For a fixed mass of gas at constant temperature, the volume is inversely proportional to the pressure. This is mathematically:
\[pV = constant\]
That means that, for example, if you double the pressure, you will halve the volume. If you increase the pressure 10 times, the volume will decrease 10 times.
Is this consistent with pV = nRT ?
- You have a fixed mass of gas, so n (the number of moles) is constant.
- R is always constant - it is called the gas constant.
- Boyle's Law demands that temperature is constant as well.
That means that everything on the right-hand side of pV = nRT is constant, and so pV is constant - which is what we have just said is a result of Boyle's Law.
This is easiest to see if you think about the effect of decreasing the volume of a fixed mass of gas at constant temperature. Pressure is caused by gas molecules hitting the walls of the container. With a smaller volume, the gas molecules will hit the walls more frequently, and so the pressure increases.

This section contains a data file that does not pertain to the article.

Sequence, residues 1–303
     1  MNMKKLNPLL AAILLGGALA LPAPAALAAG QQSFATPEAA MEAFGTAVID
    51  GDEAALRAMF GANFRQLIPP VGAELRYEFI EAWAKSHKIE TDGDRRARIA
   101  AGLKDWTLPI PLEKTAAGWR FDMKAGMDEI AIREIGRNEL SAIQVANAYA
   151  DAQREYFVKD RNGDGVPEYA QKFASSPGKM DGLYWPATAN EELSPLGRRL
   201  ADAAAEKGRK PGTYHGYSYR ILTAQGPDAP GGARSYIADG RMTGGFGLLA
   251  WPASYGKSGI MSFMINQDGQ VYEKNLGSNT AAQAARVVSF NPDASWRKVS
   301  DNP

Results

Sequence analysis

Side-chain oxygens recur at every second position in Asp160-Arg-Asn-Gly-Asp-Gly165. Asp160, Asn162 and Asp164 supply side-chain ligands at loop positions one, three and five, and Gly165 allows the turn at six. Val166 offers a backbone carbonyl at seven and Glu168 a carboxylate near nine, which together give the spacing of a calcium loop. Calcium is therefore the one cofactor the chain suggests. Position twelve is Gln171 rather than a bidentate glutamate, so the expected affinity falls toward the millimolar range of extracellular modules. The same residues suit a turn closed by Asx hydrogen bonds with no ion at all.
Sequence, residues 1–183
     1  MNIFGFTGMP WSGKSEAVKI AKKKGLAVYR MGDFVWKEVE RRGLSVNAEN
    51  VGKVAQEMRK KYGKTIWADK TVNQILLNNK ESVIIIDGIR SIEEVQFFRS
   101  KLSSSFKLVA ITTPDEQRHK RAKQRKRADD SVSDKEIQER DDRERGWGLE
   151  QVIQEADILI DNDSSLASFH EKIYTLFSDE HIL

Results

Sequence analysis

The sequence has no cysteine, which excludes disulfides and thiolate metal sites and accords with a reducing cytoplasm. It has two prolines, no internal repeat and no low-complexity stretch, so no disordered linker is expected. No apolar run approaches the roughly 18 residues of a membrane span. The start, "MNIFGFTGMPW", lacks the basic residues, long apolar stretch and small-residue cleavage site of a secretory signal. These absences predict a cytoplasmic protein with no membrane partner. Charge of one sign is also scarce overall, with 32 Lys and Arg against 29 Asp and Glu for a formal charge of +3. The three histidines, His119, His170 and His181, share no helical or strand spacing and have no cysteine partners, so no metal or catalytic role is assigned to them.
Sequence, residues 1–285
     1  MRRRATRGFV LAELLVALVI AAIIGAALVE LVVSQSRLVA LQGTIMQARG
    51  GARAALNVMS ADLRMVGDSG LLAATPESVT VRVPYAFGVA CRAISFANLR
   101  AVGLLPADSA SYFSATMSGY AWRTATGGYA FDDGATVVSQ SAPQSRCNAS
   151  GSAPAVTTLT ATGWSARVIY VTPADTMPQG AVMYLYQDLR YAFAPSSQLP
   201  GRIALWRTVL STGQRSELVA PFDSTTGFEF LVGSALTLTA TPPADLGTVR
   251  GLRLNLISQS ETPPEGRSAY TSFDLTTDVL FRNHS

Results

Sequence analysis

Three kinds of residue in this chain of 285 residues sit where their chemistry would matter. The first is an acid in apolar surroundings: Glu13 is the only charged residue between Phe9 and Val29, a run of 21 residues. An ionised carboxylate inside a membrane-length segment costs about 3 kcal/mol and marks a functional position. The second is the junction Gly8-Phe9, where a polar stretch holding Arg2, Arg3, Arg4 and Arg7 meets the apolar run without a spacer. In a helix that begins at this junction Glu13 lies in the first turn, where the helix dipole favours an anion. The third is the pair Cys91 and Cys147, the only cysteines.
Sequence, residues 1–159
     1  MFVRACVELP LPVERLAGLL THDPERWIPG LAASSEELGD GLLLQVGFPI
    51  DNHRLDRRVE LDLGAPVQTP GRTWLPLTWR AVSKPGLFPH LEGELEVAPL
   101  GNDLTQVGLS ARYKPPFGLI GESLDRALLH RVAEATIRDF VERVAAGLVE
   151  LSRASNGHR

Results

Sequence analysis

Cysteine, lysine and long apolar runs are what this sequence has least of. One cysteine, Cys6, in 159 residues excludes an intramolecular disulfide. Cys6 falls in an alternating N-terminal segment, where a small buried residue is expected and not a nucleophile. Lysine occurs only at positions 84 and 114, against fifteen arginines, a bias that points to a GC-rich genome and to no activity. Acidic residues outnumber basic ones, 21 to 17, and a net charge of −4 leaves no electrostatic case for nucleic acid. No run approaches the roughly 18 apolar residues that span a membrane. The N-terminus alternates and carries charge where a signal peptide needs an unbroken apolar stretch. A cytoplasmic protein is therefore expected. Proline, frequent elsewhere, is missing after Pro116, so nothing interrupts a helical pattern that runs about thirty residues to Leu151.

You might argue that this isn't actually what Boyle's Law says - it wants you to increase the pressure first and see what effect that has on the volume. But, in fact, it amounts to the same thing. If you want to increase the pressure of a fixed mass of gas without changing the temperature, the only way you can do it is to squeeze it into a smaller volume. That causes the molecules to hit the walls more often, and so the pressure increases.
But everything in the nR/p part of this is constant. That means that V = constant x T, which is Charles's Law.
Jim Clark (Chemguide.co.uk)